How Long Should a Rabbit Sleep?

Rabbits tend to be what we would consider nappers. They don’t usually sleep for 8 hours straight. They may sleep for 4 hours at a clip and then take shorter naps on and off throughout the day or night. 

If your rabbit is sleeping excessively, you should look for other signs that your rabbit could be ill. Is your rabbit eating normally? Active when awake? Alert? If not, you should take your rabbit to the vet for an exam to be sure it is healthy.

How do Rabbits Sleep in the Wild?

In the wild, rabbits live in underground burrows and tunnels that are interconnected with multiple entrances and exits. These are called warrens and offer them protection while they sleep.

Rabbits in warrens sleep in groups (imagine a rabbit cuddle puddle). This helps protect them further because if one rabbit wakes up because of a predator, so will the others. It also means if a predator catches one rabbit, the others can still escape.

sleeping rabbits in a tiny home

How to Help Your Rabbit Sleep

To help your rabbit sleep, you aren’t going to need to start digging out your own warren, but there are some things you can do to help your rabbit sleep easier.

  • Let it sleep in a hutch. Hutches feel safer to a rabbit than a cage since it is more closed off. It is also darker than a cage, which gives it a warren-like feel.
  • Introduce a friend. If you can, it is good to let a rabbit have a friend. This will give them comfort while they are sleeping, but it will also increase their happiness in other aspects of their life. In the wild, rabbits would be a part of a large community.
  • Don’t annoy it. If your rabbit is sleeping, leave it alone. Rabbits wake very easily, especially when they already don’t feel safe. Once your rabbit is used to you and your home, it will fall into a deeper sleep. In the meantime, if it isn’t dawn or dusk, try to give your rabbit the space and quiet it needs to sleep. 
  • Test different beds. This will vary from rabbit to rabbit, but generally, rabbits like to sleep in a cozy, soft, little nook. A shallow basket lined with something fluffy usually does the trick. Although plenty of rabbits enjoy just sprawling out on the carpet and passing out.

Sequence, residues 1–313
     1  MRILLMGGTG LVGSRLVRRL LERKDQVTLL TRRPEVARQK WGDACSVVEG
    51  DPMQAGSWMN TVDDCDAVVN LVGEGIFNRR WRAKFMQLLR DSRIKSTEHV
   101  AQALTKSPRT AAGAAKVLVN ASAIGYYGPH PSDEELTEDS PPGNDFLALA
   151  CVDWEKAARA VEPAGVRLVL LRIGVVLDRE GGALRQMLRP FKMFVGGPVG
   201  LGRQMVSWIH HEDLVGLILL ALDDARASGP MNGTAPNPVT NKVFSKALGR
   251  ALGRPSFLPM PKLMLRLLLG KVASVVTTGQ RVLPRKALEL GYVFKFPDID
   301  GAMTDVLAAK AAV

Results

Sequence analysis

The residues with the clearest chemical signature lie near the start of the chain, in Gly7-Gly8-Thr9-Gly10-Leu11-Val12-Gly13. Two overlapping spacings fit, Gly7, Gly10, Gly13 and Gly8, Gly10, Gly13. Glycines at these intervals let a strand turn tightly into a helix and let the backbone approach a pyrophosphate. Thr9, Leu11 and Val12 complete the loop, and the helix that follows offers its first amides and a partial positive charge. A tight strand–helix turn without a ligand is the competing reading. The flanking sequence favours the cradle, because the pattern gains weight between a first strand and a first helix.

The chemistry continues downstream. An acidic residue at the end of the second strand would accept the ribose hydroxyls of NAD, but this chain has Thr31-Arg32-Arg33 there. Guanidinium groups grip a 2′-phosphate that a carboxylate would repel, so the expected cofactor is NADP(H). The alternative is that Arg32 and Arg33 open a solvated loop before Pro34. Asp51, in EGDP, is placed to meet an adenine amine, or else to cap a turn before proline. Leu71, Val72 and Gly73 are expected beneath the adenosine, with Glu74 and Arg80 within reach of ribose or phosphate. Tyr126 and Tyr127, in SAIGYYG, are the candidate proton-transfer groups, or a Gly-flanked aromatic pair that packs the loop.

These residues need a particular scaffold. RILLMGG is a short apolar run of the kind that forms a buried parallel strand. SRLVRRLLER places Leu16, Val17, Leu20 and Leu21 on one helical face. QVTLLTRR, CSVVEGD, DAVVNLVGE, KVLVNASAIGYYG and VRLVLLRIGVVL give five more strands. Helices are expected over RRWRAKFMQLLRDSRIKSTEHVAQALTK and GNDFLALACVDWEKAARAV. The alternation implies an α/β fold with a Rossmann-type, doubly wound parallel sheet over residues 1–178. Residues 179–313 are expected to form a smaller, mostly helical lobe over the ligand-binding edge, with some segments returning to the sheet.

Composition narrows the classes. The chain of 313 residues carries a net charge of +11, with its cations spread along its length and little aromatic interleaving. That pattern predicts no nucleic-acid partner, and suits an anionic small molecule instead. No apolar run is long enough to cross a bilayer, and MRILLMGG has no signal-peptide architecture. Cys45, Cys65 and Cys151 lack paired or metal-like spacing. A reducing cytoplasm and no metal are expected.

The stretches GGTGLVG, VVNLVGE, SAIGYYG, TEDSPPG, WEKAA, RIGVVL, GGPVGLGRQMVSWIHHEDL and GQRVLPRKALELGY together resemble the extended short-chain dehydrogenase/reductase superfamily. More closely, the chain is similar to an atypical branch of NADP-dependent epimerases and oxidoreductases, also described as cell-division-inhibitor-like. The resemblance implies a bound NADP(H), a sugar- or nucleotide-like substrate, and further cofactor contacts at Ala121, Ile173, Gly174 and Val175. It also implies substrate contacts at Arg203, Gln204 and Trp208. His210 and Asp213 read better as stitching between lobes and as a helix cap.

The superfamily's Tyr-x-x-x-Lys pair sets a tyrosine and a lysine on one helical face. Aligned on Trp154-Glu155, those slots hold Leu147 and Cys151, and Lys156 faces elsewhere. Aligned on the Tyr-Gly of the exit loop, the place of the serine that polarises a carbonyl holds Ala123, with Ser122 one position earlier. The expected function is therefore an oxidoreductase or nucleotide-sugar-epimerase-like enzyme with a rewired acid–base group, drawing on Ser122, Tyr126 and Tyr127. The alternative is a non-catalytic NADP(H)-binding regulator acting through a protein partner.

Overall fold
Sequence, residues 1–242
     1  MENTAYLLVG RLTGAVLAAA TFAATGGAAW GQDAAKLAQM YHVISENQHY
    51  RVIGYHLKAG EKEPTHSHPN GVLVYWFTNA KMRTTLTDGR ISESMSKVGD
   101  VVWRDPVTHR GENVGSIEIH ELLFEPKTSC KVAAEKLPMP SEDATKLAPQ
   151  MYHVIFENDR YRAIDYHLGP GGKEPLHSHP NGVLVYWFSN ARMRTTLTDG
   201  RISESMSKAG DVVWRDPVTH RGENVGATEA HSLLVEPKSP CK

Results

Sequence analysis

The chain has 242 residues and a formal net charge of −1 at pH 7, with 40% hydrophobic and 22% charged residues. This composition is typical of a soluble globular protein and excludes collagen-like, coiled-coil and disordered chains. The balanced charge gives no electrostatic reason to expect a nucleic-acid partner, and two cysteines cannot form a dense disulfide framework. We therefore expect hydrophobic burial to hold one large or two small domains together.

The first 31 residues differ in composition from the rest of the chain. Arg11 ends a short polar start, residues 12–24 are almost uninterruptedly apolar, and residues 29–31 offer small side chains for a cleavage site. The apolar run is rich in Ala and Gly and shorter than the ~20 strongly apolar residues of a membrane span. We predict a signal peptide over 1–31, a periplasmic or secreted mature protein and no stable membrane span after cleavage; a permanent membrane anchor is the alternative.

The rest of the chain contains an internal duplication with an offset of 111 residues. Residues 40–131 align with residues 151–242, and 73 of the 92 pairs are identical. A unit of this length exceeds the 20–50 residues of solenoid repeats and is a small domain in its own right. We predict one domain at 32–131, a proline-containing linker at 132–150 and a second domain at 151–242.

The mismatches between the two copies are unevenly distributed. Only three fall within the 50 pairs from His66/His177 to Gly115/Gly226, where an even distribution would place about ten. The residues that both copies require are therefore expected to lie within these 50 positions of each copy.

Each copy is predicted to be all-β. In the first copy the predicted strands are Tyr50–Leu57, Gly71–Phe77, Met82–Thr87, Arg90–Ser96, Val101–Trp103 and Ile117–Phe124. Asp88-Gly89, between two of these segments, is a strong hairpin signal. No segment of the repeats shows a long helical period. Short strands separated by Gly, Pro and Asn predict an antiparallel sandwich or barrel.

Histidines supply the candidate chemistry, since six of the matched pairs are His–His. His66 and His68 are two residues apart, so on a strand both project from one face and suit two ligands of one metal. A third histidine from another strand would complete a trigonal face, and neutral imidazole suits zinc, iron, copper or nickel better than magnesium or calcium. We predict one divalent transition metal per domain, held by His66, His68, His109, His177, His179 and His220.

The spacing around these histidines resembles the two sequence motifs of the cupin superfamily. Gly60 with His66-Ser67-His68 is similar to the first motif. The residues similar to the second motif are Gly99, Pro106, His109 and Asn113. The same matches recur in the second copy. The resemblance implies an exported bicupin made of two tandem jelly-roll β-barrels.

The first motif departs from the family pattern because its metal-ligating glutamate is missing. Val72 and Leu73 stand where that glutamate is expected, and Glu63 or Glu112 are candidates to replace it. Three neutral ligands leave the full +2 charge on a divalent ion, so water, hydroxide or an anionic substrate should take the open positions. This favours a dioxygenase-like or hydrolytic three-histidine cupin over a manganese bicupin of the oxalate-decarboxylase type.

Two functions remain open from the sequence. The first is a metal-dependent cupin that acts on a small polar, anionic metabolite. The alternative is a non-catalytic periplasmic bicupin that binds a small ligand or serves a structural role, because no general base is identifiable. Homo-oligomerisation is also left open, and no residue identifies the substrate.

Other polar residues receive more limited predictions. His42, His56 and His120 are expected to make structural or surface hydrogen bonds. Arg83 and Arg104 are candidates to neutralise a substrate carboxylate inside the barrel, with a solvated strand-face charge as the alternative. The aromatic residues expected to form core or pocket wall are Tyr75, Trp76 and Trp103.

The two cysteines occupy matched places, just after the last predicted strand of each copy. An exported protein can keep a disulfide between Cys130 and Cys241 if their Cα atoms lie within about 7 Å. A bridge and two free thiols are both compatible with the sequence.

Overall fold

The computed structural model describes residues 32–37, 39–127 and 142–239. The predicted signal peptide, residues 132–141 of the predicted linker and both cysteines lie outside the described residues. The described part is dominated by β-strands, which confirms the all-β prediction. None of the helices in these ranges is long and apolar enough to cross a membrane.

Rabbits don’t need it to be dark in order to sleep. Even though it would be dark in their warren in the wild, they can sleep just fine in daylight, but making it dark doesn’t hurt, and certainly don’t mimic crepuscular conditions.

Can Rabbits Sleep In Beds?

white rabbit on bed

While some rabbit owners claim their rabbits enjoy sleeping with them, it is unlikely that your rabbit will want to. 

Why your bunny doesn’t want to sleep with you:

  • Because rabbits are crepuscular, it is unlikely that they will want to sleep when you want to sleep. It is better for you and bunny to have your own space in this case.
  • Rabbits also like to be in enclosed spaces. They are more likely to want to sleep under your bed than on it.
  • It might not be able to get into and out of your bed easily or safely.

Why you don’t want to sleep with your rabbit:

  • Your rabbit might use your bed (or you) as a bathroom.
  • You could hurt it if you roll on to it while it is sleep (and it could nip you).
  • Your rabbit could fall out of the bed.
  • It might wake you up early to be fed.

By now, you should be able to tell if your bunny is sleeping or not and know what to do to help him or her sleep comfortably. If it seems like your bunny is never sleeping, don’t stress it. It is sleeping, but it is difficult to tell!